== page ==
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Reforming South Africa’s Economy

The successful unbundling of utilities giant Eskom would aid badly needed structural reforms in the South African economy.

May 29, 2019

The flag of South Africa

Moody’s Investors Service recently issued a chilling warning to South Africa. The ratings agency said that the country’s credit profile was on the verge of being downgraded to junk.

Moody’s cited structural weaknesses, particularly rising debt and high fiscal spending in an economy that has largely been hobbled by a weakened revenue collection.

Moody’s also pointed to Eskom’s escalating debt and government bailouts to the embattled power utility as a contingent liability to the government as a likely trigger of the downgrade.

One can have arguments about the need for countries to take ratings agencies seriously, particularly given some of those agencies’ severe failings in the run-up to the 2009 international financial crisis.

The reality is that investors take their cue from the ratings agencies’ assessment of the country’s attractiveness for investments. No sane investor would splurge his or her dollars or euros in a venture that is unlikely to yield any returns.

More than a national nuisance

And therein is our biggest problem. Eskom — South Africa’s largest company — has become more than a national nuisance. It has eroded South Africa’s credit worthiness as a nation to a point that the economy is fast slipping into irrelevance.

The Guptas also failed to help South Africa as they looted whatever remained of Eskom. The current growth trajectory of around 1% is unlikely to change any time soon unless fundamental structural changes are made to turn Eskom into a financially viable parastatal company like Transnet.

At the moment, Eskom’s debt is estimated at around 500 billion rand, including bonds and issued loans. Eskom’s current liability to the economy is more than a third of the country’s budget — or more than 10% of GDP.

The National Treasury’s own estimates say that the country’s debt, excluding Eskom, could deteriorate to reach a staggering 60.2% of the GDP by 2024.

Just weeks before the elections, Eskom was given 5 billion rand in emergency funds to enable it to meet obligations. This will not be sustainable in the long-term.

President Cyril Ramaphosa used a Goldman Sachs investment meeting to state that Eskom was too big to fail. And that is true.

Unprecedented damage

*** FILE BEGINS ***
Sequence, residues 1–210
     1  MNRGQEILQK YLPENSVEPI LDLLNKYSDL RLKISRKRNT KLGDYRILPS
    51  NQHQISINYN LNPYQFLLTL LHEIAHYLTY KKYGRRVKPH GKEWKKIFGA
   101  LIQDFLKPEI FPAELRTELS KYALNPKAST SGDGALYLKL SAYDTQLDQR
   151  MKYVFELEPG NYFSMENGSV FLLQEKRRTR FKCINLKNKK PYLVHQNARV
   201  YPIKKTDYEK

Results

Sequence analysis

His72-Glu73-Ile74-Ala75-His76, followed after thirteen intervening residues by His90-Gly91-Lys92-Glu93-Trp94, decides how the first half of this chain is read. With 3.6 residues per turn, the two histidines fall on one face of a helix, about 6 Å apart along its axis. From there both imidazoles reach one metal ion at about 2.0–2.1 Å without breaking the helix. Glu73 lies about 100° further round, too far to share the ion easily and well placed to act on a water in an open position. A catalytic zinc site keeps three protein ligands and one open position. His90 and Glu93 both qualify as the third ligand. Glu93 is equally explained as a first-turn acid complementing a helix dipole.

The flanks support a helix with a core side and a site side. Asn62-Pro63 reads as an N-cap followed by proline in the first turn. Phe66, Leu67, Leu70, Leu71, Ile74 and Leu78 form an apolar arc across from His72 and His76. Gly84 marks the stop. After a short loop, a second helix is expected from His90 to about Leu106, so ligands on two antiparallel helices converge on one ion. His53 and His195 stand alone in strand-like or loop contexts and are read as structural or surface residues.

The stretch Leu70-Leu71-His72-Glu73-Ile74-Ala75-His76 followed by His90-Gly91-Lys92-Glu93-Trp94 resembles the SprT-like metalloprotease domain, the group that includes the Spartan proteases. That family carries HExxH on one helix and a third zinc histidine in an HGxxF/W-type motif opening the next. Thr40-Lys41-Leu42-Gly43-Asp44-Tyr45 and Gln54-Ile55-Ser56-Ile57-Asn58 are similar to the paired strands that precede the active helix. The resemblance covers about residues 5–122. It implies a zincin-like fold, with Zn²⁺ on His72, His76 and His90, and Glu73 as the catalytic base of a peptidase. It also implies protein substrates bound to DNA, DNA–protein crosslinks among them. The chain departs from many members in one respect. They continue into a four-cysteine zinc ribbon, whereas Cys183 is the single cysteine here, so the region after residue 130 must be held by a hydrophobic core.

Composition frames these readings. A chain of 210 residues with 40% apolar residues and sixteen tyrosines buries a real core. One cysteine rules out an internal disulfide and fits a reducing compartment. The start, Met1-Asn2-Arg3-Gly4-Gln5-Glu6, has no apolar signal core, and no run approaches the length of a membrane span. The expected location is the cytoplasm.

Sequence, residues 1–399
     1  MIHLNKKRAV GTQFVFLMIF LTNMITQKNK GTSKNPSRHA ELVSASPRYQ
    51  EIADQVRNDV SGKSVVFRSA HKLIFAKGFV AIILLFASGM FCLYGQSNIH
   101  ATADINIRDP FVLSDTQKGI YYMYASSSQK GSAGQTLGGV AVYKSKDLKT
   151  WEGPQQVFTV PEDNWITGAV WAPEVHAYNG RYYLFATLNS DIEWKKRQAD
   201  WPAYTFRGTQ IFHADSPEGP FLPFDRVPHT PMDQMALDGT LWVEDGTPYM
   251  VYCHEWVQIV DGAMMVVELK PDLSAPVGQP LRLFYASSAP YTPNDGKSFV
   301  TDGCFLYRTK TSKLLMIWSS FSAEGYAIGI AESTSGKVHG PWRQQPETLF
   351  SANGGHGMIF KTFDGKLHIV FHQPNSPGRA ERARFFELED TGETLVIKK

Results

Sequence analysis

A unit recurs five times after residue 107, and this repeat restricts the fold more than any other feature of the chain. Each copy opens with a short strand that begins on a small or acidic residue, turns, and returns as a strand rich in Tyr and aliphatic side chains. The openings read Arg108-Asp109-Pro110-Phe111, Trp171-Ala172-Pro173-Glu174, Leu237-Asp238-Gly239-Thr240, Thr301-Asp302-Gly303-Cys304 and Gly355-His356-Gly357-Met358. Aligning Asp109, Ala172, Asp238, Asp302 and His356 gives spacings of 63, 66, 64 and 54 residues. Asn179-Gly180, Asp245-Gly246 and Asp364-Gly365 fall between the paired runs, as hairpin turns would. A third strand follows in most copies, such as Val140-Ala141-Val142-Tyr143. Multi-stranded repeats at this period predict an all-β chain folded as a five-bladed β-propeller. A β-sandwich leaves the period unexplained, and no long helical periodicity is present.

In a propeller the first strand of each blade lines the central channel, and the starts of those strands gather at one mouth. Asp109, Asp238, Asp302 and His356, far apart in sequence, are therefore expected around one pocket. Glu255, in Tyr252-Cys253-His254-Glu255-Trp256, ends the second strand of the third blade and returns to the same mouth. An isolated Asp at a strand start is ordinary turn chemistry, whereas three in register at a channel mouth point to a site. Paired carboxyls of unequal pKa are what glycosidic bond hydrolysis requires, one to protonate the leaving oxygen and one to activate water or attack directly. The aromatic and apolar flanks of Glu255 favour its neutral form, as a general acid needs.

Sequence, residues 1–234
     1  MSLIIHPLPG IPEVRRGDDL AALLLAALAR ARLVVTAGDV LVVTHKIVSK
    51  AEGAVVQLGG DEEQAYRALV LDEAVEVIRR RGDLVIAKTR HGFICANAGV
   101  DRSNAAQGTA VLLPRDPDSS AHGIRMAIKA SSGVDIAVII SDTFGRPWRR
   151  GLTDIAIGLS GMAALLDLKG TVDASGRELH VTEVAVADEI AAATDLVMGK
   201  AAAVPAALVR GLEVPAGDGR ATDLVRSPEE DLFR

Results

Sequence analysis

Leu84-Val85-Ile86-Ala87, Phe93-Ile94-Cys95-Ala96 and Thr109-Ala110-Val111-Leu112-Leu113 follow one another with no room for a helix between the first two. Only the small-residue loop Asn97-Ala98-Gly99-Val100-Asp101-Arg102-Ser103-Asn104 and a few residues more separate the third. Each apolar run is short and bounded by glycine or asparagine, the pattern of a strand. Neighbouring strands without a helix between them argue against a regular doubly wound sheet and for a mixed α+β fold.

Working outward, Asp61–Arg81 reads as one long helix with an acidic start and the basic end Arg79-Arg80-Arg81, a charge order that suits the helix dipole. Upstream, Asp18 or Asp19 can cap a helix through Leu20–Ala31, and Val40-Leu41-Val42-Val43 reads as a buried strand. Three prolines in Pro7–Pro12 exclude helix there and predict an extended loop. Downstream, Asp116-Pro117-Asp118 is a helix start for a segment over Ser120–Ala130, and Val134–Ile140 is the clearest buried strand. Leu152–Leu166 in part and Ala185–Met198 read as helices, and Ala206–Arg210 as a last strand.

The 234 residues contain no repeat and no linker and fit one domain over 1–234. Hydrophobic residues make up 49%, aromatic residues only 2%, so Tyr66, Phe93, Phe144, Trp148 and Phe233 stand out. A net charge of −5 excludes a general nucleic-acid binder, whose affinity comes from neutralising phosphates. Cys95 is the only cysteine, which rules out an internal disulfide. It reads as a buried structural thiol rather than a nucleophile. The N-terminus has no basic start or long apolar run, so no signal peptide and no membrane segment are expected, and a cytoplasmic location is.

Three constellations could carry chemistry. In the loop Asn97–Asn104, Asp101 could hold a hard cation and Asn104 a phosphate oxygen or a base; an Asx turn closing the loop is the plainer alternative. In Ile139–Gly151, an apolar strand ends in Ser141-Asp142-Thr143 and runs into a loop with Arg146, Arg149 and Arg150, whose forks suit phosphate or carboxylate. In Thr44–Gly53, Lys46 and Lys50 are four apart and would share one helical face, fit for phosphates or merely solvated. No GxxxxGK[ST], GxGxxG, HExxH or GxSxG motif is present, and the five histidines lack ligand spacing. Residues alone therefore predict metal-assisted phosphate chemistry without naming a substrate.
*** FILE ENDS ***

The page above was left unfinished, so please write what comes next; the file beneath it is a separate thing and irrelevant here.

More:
Eskom plays a pivotal role in our country’s economy. Its collapse would trigger damages yet unseen in the country.

If this came to pass, it would lead to more foreigners abandoning the South African market on a much larger scale than they did when former president Jacob Zuma replaced Nhlanhla Nene with Des van Rooyen in 2016. Our national currency, the rand, would be as valuable as the Zimbabwean dollar.

Because South African asset holders are already showing anxieties on what Ramaphosa’s new administration would bring, Ramaphosa needs to speed up the proposed break-up of Eskom into three separate units that would be responsible for generation, transmission and distribution.

That would not create a clearer structure for Eskom, but would bring the power utility to current international energy generation standards.

It would break Eskom’s monopoly on energy supply and create more competition in the energy sector. It would also bring more clarity on its costs as well as better accountability and oversight on its functions.

Ramaphosa’s challenge

But for this plan to succeed, Ramaphosa will have to be prepared to tough it out with South Africa’s spoiled labor unions and to make the best decisions in the interest of the country.

The National Union of Mineworkers (Num) and National Union of Metalworkers of South Africa (Numsa) have already threatened fire and brimstone should Eskom be unbundled.

However, South Africa is too big to be held to ransom by such outdated rhetoric. Ramaphosa will have to be brave enough to tell them that Eskom’s bloated workforce is not compatible with its output.

And, that workers can be trained for more opportunities outside the outdated fossil energy model toward much cleaner generation that the world is moving towards.

Given the country’s current debt-to-GDP ratio, the successful unbundling of Eskom would more likely be the biggest step in addressing key structural reforms in the South African economy.

It would lead to more money that would be available for a plausible stimulus package. It would also go a long way in addressing the country’s ballooning unemployment.

Good things take time

The restructuring of Eskom and the overall economy would take some time to materialize. But Ramaphosa would need courage and a solid team to see through the reforms.

That team would need to have the arrogant pragmatism of the like of Finance Minister Tito Mboweni. While sometimes combative, Mboweni has the uncanny ability of dissecting problems for what they are.

To be sure, Eskom needs a long-term view that would address its governance and management frailties. Bringing in new players even if they come from the private sector would not be a bad thing at all if it helped Eskom and the economy.

Mboweni might be brash and at times outlandish. But his clarity of thought is a breath of fresh air and the kind of brave courage that the country needs to move forward.


Moody's recently issued a chilling warning to South Africa -- the country’s credit profile was on the verge of being downgraded to junk.

South Africa’s largest company Eskom has become more than a national nuisance. It has eroded its credit worthiness as a nation.

Eskom plays a pivotal role in South Africa’s economy. Its collapse would trigger damages yet unseen in the country.

The successful unbundling of Eskom would aid badly needed structural reforms in the South African economy.